(p. B1) It was a rough night for number crunchers. And for the faith that people in every field — business, politics, sports and academia — have increasingly placed in the power of data.
Donald J. Trump’s victory ran counter to almost every major forecast — undercutting the belief that analyzing reams of data can accurately predict events. Voters demonstrated how much predictive analytics, and election forecasting in particular, remains a young science: . . .
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(p. B5) This week’s failed election predictions suggest that the rush to exploit data may have outstripped the ability to recognize its limits.
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Beyond election night, there are broader lessons that raise questions about the rush to embrace data-driven decision-making across the economy and society.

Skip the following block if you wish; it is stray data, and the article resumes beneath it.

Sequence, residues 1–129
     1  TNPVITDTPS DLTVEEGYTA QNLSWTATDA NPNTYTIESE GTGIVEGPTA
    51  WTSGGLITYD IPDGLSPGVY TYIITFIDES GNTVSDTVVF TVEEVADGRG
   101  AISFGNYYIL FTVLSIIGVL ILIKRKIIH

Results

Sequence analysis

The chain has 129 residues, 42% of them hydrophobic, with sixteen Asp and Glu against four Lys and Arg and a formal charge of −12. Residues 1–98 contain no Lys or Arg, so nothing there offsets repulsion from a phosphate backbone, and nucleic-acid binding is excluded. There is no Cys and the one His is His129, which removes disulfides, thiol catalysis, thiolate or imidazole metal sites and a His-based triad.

The enthusiasm for big data has been fueled by the success stories of Silicon Valley giants born on the internet, like Google, Amazon and Facebook. The digital powerhouses harvest vast amounts of user data using clever software for search, social networks and online commerce. Data is the fuel, and algorithms borrowed from the tool kit of artificial intelligence, notably machine learning, are the engine.
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The danger, data experts say, lies in trusting the data analysis too much without grasping its limitations and the potentially flawed assumptions of the people who build predictive models.
For the full story, see:
STEVE LOHR and NATASHA SINGER. “How Data Failed Us in Calling an Election.” The New York Times (Sat., NOV. 10, 2016): B1 & B5.
(Note: ellipses added.)